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See the world with fresh eyes aboard a small ship

Breathtaking view of Sunnylvsfjorden fjord and famous Seven Sisters waterfalls, near Geiranger village in western Norway.

Breathtaking view of Sunnylvsfjorden fjord and famous Seven Sisters waterfalls, near Geiranger village in western Norway.

Small ship ocean cruises are increasing in popularity among discerning travellers. It’s a different style of cruising, more informed and less formal.

It’s travelling with like-minded people on a smaller vessel with less passengers. It enables you, the passenger, to be immersed in the culture onshore with tours by expert local guides, while onboard these experiences are enriched with guest lectures by authorities in art, architecture, literature and archaeology.

It’s an effortlessly interesting way to discover the world and appeals to the thoughtful, curious traveller.

And it’s a versatile way of travelling, akin to independent travel. You aren’t on board a huge ship calling into the select ports that can handle the logistics of a mass cruise.

Instead, there are low-key arrivals at a far greater number of ports that can cater to small ships.

This, in turn, makes the cruises more culturally enriching, calling in at destinations because they are fascinating, not because they are easy to dock at.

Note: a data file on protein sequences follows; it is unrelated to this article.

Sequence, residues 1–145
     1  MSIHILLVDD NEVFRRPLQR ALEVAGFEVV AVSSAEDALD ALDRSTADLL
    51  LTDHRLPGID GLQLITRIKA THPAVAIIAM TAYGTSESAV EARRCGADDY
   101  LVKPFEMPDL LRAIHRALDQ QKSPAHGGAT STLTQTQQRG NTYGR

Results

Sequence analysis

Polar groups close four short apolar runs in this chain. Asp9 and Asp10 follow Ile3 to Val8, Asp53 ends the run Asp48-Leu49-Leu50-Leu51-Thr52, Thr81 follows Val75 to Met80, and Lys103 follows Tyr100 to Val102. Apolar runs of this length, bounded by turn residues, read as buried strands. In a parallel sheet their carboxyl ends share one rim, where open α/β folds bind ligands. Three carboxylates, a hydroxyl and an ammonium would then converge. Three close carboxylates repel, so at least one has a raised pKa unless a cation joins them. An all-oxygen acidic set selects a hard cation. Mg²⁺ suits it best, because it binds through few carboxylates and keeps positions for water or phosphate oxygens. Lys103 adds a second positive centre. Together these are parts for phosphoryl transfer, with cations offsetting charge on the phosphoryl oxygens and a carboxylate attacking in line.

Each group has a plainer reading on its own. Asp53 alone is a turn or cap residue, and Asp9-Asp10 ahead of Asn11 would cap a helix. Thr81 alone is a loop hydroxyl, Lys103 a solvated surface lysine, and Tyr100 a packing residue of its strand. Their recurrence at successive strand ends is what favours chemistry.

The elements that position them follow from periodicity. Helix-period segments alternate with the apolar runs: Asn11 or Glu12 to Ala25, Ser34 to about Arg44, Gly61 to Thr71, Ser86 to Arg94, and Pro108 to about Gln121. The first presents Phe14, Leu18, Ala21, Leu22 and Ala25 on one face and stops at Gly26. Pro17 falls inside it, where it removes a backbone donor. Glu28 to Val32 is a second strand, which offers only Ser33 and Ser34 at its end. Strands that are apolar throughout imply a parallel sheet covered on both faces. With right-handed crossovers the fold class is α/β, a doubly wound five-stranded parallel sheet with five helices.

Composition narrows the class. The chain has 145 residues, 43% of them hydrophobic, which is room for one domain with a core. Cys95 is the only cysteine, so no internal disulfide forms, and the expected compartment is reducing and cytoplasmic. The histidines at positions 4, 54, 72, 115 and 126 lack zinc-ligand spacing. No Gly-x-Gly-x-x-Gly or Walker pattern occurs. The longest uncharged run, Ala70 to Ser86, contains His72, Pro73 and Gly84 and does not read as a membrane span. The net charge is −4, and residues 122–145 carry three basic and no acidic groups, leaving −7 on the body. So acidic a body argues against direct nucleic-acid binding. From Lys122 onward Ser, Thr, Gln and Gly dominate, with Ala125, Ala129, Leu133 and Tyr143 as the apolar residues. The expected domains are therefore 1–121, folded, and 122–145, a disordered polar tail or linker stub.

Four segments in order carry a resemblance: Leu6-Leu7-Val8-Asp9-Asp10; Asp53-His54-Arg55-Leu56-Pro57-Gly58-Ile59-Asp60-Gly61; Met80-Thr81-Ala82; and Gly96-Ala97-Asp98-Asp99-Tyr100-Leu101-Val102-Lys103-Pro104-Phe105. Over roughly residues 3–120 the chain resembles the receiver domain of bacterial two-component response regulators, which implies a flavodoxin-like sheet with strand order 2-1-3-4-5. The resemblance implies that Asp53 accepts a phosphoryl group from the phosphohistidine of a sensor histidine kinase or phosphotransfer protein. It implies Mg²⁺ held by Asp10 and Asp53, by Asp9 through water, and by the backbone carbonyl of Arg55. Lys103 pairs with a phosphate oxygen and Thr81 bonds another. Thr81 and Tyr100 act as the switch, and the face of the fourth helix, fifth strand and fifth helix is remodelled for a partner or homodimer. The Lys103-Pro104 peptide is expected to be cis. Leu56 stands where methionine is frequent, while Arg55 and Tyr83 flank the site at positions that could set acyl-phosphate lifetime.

Ocean Cruise

The Viking Star entering the Hudson River with the skyscrapers of New York City in the background. Photo: Supplied

What destinations are we talking about? Well, for example, there’s the Eastern Seaboard Explorer voyage over 13 days, with seven guided tours in two countries. It starts in Montreal and ends in New York City.

Along the way you’ll visit Quebec, a UNESCO World Heritage City that dates back 400 years, and Saguenay which grew from a French trading post in the 17th Century. Then there’s historic Halifax in Nova Scotia, first settled by the French, then the British in 1749.

Included are cruises along the scenic St Lawrence River and the beautiful Cape Cod Canal in Massachusetts.

Overnight stays in Montreal, Boston and New York City allow you to enjoy the vibrant nightlife.

Ocean Cruise

Viking Star Explorers’ Lounge at night. Photo: Supplied

While there is plenty to do onshore, onboard travel gives you the luxury and freedom to really enjoy your journey. It’s travelling designed for adults, so guests must be over 18.

Like a boutique hotel, Viking’s small ships provide deluxe accommodation, with endless specialty tea, coffee, and bottled water available. There’s wifi onboard and state-of-the-art spa facilities.

All meals are provided, with complimentary wine, beer and soft drinks at lunch and dinner. All onboard gratuities, port charges and taxes are included, there are no nasty surprises.

There’s a sale now on, with a saving of $4600 for couples who book the Eastern Seaboard Explorer.

To find out more and explore these offers visit vikingcruises.com.au or call the Viking team for more information.

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